Wednesday, July 4, 2012

Worlds Within Worlds

By Supriya Savkoor

Just back from a weekend trip that was unexpectedly unique and  one I’m certain to remember for years to come.

My aunt, a self-published author visiting the States from India, invited me to join her at a conference in New Jersey this past weekend. She tempted me by saying she would be teaching a creative writing workshop for kids as well as speaking on an author panel to promote her book. Both events cinched the deal—I got myself registered, and we coordinated where to meet and where to stay.

But the weekend did not get off to a great start. It was a scorcher, first of all. I started my drive from Northern Virginia in 112-degree weather. What should have been a 3-hour drive turned into a more than 6-hour long haul. Along the way, the occasional broken-down car lined the shoulder of the highway. The temperature dropped steadily till after dark, my A/C finally started working. By the time the outside temp reached 92, it started to feel chilly inside the car. I was sleepy, trying to think about which of my previous vacations I could write about for today’s blog. Meanwhile, cars with clever vanity plates such as M3RLOT, BKEEPNG, HIP1 CHIK, and U R LVD, whizzed past me, making me wonder instead about the inner lives of their passengers and the more interesting stories they could tell rather than those of my old vacations.

I reached Edison late Friday night, and by Saturday morning, I found myself at the opening ceremony of the convention. You probably guessed I was attending a writers’ conference, but no. It was a conference dedicated to all things Konkani—Konkani being the linguistic and cultural group from which I hail, and which I’ve written about in this space often. Some 1,800 attendees registered, flying in from nearly every continent. The organizers billed it as the largest gathering of Konkanis outside India. I didn’t think they could surprise me, but the event was so beautifully organized, it left me, and countless others, in awe. In addition to amazing entertainment and delicious food, the convention was filled with presentations and workshops led by noted Konkani luminaries—film directors, actors, authors, philanthropists, musicians, even a famous Top Chef, who judged a terrific recipe contest. (I must get those fusion recipes for tamarind-braised ribs with kale, avocado smoothies, and jackfruit kebabs.) Another contest, Konkanis Got Talent, was filled with some really impressive talent, some of whom I feel certain to hear more about in the years to come.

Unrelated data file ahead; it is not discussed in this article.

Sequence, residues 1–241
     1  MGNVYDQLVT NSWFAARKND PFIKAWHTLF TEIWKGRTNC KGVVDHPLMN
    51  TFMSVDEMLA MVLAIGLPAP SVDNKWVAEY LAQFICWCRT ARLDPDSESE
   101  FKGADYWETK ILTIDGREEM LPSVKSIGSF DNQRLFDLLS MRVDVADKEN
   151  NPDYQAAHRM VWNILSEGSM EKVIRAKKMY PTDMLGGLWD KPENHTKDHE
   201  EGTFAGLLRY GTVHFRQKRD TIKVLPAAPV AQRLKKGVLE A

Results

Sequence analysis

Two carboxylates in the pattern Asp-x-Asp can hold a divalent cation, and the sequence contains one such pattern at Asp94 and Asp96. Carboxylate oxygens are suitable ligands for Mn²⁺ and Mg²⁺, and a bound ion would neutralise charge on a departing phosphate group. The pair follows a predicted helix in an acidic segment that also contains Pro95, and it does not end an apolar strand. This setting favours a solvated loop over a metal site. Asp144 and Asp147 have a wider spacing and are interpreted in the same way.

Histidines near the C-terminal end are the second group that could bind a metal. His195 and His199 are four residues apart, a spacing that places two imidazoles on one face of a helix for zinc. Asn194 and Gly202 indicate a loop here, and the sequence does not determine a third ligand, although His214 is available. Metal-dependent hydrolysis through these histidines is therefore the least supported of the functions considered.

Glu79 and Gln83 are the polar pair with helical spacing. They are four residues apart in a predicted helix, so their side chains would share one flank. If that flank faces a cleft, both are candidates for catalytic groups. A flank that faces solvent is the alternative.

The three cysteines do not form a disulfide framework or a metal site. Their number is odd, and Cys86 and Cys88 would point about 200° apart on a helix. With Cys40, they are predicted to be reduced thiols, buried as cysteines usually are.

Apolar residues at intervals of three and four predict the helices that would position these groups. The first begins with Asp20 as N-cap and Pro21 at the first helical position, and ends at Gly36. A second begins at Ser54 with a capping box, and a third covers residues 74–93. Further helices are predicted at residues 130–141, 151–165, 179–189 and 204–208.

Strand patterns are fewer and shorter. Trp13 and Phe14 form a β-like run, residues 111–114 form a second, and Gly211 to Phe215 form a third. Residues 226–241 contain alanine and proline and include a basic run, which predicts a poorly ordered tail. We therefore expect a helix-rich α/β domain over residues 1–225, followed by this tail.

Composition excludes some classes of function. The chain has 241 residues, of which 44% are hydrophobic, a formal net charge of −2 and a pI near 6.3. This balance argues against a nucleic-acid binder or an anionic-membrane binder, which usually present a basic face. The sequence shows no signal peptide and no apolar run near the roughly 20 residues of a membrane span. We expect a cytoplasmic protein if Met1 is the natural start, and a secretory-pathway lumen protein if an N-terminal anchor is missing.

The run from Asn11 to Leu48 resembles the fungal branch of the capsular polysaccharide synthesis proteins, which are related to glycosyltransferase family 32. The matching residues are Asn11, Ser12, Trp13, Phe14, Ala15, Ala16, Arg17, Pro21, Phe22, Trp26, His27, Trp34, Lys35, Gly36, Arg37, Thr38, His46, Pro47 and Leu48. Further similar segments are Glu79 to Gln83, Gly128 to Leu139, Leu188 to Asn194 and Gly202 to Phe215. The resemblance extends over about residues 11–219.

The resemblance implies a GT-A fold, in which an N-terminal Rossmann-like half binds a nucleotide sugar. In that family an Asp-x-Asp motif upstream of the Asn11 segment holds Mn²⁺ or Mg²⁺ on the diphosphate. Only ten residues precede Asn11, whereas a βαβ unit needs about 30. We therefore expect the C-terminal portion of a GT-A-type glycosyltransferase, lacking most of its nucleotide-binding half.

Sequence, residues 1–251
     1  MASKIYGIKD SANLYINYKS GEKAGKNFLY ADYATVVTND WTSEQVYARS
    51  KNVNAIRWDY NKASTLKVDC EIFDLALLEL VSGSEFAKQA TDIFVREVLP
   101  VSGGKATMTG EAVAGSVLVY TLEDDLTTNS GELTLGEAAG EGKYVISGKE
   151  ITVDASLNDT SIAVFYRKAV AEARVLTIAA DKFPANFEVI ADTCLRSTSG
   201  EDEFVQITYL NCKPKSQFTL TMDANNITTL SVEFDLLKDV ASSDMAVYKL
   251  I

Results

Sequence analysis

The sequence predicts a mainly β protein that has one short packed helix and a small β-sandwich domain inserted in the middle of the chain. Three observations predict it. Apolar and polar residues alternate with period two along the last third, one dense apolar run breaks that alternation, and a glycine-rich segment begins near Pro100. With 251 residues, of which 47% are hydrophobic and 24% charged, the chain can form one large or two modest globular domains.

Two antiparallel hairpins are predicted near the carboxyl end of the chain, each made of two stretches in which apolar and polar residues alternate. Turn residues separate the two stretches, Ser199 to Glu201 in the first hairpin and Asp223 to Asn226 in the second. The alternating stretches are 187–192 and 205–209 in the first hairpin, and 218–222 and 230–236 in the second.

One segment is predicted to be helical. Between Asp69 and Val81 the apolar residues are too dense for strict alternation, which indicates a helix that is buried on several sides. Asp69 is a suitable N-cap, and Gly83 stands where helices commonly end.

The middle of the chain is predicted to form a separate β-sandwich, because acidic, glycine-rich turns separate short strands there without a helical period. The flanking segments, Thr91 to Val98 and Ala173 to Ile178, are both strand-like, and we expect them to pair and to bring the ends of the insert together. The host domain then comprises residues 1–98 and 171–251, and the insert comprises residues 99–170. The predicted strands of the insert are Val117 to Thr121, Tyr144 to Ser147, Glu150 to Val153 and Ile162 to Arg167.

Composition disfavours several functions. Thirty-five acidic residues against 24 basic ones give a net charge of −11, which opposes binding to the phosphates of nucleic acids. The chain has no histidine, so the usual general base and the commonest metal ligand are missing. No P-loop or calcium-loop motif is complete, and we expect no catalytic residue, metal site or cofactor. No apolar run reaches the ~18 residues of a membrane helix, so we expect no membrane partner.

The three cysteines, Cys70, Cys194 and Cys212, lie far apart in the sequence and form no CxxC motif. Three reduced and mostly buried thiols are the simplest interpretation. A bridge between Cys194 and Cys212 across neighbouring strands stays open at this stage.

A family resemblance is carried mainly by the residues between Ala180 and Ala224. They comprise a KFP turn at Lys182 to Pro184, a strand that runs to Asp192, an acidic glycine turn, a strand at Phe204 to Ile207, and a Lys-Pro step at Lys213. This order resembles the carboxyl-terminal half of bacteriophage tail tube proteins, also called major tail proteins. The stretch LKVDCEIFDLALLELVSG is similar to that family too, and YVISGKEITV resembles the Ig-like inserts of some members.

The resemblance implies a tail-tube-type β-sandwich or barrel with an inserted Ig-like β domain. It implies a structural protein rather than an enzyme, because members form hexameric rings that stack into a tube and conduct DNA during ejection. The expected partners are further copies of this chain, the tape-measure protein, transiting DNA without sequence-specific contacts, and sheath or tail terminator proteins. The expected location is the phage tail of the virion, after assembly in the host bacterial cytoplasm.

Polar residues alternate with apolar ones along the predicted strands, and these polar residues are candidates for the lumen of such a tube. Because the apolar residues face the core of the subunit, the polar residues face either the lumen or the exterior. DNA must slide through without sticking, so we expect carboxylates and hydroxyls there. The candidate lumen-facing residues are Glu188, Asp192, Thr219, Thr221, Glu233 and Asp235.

Then there were the dozens and dozens of instances of running into friends and family I hadn’t seen in eons, in some cases up to 25 or 30 years. I even ran into a woman with whom I’d had a chance meeting on a train in India in the late ‘80s. (Definitely a story for another day!) There were so many such incidents, in fact, that the weekend left me in awe about … well, so many things. The power of culture and community, of course. The passage of time. The magic of coincidence. Different moments of my life remembered and appreciated. History, my own, and that of this group of diverse people from the world over.

The event’s chief guest was someone I hadn’t heard of before, but who brought the crowd to their feet with his inspiring opening speech. You can read about T.V. Mohandas Pai here, but in addition to all the other amazing things you might learn about him, consider this: He’s a top executive who voluntarily donates 40 percent of his salary to charity. What good is money if you can’t use it to help others, right? Filled me with pride.

I can’t quite remember the number he cited of how many Konkanis there are, something like 2.2 million or maybe it was 2.6 million. Either way, as he rightly noted, it’s hardly a blip when you consider the population of India as a whole is 1.2 billion. And again, it kind of got me thinking about those cars I’d passed on the drive up, wondering about the lives of people I haven’t met, all the untold stories waiting to unfold. Most folks I meet, even Indians, haven’t heard of Konkani, and yet here’s this rich, complex community, represented in nearly every country, every religion, every profession. Not exactly a hidden community but certainly a subculture of sorts. 

And yet someone passing the convention center might think what was going on inside was just another Indian festival in the New Jersey suburbs, right? Not hardly.


  1. I couldn't read this without thinking about what a natural storyteller you are, Supriya. Now you just have to turn some of those imagined lives of strangers in cars into stories. And next time you go to one of these conferences, can you take me along? Sounds like fun.

  2. OK. I want to hear the story about the lady and the train! Thanks for sharing! :)